LOUISVILLE, Ky. (WDRB) -- So, where did those bigs come from?

I'm looking at the center position at the University of Louisville from its three games in the Bahamas, and it scored 21 points -- in the whole tournament -- on a combined 6-15 from the field.

Then the Cardinals come home to face Purdue, with as much quality at the four and five spots as you could want -- Isaac Haas and Caleb Swanigan -- and it looked like it could be trouble.

Fast forward to the postgame stat sheet after No. 14 Louisville beat No. 15 Purdue 71-64 Wednesday night in the ACC-Big Ten Challenge at the KFC Yum! Center. Take a look at the center position: Mangok Mathiang and Anas Mahmoud combined for 20 points, shot 9 of 15 from the field, nine rebounds and outstanding defense Haas, who had just one point at halftime and eight in the game on 2-9 shooting.

At the power forward spot, the Cards got six points and two rebounds from Jaylen Johnson and 11 points (on 4-4 shooting) and nine rebounds from Ray Spalding, not to mention a defensive effort that held Swanigan scoreless in the first half before he heated up to score 14 in the second.

Louisville coach Rick Pitino came away talking about his team's defensive effort, especially in the first half. But ti was the awakening of the bigs that made the difference in this game for the Cardinals. And that, largely, came from a renewed effort to get the ball inside and to throw entry passes to the post.

"We trapped. We fronted. We went after it really hard," Pitino said of his defense on the interior. "The guys really focused in on the game plan. We knew how tough they are and they wanted to stay in the game, but Ray is the length guy. See when Ray pressures the ball up top, they can't get the high-low. That's why I went with him over Jaylen because Ray's 7-4 wingspan, his length, stops the ball from going inside. Now Anas did a terrific job as well. . . . We were trying to drive and take it to them all night. We missed about five or six layups in the game and we'll get better at that. Our whole offensive effort tonight was to go inside. We thought we could score inside against them and we wanted to get away from the jump shots."

It showed in their shooting percentage. The Cards shot 48.3 percent from the field and 50 percent in the second half.

Defense was a key. Louisville was able to speed Purdue up just out of its comfort zone. The Boilermakers had 19 turnovers in the game and shot just 35.8 percent from the field after making only 7 of 28 first-half shots.

"We came into the game and knew they had great players and always try to go into the low post, so we tried to go at them and get them in foul trouble," Mahmoud said. "When that didn't work, our second thing was we had to try to outplay them, and I think we did a good job of that. . . . We knew how big they were, and we knew how hard it was going to be to guard them one-on-one, so our whole thing was just front them and not let them get the ball, and whenever they did get the ball, just trap them and rotate."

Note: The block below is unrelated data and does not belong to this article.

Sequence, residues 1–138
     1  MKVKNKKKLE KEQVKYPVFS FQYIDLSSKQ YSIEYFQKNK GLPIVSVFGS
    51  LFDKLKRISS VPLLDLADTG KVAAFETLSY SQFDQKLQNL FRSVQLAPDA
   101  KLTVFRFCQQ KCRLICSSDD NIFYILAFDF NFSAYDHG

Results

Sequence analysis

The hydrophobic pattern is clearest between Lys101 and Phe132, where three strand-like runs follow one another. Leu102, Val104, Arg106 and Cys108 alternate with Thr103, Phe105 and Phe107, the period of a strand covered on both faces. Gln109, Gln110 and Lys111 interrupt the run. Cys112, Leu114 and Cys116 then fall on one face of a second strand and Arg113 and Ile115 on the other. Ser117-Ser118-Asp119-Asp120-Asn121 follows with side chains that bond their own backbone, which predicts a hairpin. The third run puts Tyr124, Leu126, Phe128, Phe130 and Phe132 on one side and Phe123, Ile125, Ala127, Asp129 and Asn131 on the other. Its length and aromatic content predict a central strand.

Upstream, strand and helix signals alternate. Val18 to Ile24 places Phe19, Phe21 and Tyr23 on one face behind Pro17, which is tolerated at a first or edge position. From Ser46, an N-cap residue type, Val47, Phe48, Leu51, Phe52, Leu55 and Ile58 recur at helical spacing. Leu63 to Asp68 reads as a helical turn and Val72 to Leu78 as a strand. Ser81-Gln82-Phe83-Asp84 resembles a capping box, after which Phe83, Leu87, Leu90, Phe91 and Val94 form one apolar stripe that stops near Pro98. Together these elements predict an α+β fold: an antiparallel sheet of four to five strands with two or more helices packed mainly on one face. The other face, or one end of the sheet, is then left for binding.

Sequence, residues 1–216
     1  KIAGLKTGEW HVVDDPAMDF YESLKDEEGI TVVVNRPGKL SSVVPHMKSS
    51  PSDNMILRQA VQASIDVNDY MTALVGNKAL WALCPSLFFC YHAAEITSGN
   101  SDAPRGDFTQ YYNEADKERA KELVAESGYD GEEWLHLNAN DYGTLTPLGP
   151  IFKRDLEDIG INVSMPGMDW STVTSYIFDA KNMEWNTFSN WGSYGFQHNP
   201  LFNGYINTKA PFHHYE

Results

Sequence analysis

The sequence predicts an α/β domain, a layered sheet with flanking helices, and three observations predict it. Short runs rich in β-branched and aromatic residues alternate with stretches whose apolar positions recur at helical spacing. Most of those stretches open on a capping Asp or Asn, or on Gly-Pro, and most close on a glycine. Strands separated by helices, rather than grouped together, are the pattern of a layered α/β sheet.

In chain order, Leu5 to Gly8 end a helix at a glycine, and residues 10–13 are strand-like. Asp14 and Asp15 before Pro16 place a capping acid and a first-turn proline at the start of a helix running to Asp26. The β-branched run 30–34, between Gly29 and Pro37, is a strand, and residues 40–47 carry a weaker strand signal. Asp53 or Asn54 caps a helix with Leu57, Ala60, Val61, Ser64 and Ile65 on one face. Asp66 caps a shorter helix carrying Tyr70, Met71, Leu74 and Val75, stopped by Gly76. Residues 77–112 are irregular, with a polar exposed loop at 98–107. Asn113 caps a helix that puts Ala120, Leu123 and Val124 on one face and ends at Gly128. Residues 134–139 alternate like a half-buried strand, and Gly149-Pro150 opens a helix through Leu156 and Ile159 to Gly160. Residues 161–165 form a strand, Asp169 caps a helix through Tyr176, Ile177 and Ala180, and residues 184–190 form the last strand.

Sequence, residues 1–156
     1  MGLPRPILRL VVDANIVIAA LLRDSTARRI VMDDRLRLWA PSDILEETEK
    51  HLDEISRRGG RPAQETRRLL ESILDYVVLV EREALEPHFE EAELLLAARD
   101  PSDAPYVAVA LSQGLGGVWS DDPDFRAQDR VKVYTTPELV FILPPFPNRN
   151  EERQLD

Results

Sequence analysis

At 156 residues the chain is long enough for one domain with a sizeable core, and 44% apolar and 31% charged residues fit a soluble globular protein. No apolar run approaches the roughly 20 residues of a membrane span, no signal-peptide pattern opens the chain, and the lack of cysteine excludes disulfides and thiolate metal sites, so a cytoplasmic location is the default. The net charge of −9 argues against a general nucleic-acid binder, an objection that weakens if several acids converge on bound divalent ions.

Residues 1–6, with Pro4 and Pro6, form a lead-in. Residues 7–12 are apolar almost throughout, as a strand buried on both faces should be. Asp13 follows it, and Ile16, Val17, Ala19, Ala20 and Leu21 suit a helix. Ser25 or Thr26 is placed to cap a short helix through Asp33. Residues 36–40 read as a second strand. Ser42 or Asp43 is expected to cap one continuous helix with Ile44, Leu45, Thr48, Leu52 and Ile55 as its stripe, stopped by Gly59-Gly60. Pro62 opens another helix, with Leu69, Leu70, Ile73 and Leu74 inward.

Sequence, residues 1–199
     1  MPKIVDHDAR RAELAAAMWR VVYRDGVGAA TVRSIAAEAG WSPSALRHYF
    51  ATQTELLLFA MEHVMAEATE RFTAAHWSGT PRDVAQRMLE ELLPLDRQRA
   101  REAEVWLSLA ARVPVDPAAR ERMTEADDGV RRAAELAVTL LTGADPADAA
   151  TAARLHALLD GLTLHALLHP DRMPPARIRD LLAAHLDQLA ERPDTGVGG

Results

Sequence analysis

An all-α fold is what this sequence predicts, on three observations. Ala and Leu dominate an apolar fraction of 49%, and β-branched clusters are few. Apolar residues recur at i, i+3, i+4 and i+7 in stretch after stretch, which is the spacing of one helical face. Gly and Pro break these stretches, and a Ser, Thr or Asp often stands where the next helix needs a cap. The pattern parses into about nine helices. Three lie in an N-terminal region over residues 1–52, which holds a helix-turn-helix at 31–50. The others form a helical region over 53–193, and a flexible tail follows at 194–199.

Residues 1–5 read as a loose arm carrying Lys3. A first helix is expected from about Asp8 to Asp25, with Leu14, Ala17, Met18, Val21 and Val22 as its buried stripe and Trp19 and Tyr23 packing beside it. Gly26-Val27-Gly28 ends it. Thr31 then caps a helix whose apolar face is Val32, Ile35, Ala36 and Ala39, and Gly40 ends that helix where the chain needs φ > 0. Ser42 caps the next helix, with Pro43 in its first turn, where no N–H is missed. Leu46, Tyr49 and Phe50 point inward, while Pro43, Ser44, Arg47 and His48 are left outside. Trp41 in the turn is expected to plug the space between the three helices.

Pitino figured he'd have to give up something if he was going to take away Purdue's post play. That showed up in the 10 three-pointers the Boilermakers made.

For a second straight game, the Cardinals saw a big second-half lead dissipate. They were up by 18 with 11:44 to play, but were clinging to a 4-point lead with 1:35 left.

"When you lose a 20-point lead and lose a game, it's tough," Mahmoud said. "So when we lost a lead tonight, it was probably a good thing for us, because we had to show what we had learned and turn things around to win."

Donovan Mitchell responded with a pair of baskets when the Cards' lead dwindled.

Pitino said he knew Purdue would make a run. The Boilermakers are expected to contend in the Big Ten Conference.

It's easy to look at lost leads. What shouldn't be lost in the past two games is that the Cards are getting leads on pretty good teams. And with the exception of the second half against Baylor, when the team was fatigued, it has played increasingly good basketball over the past four games.

Louisville also got contributions from Ryan McMahon -- who was on the court for nine minutes but contributed six points and produced a team best plus-11 from his time on the court -- and from Tony Hicks, who played 13 solid minutes.

It was an off-night shooting for Quentin Snider, who made just 2 of 11 shots and finished with nine points and two assists, but the game showed that the Cardinals can beat a good team without the guards providing the bulk of the offense.

"I thought their bench was probably the difference, if you look of the field goal percentage from those guys that came off," Purdue coach Matt Painter said. "McMahon hit those two threes that were huge. There was a lot of time in between them, but those are two big shots for them. Their big guys off the bench were really good also."

Next up for the Cards is their first true road game of the season, a visit to Grand Canyon on Saturday.

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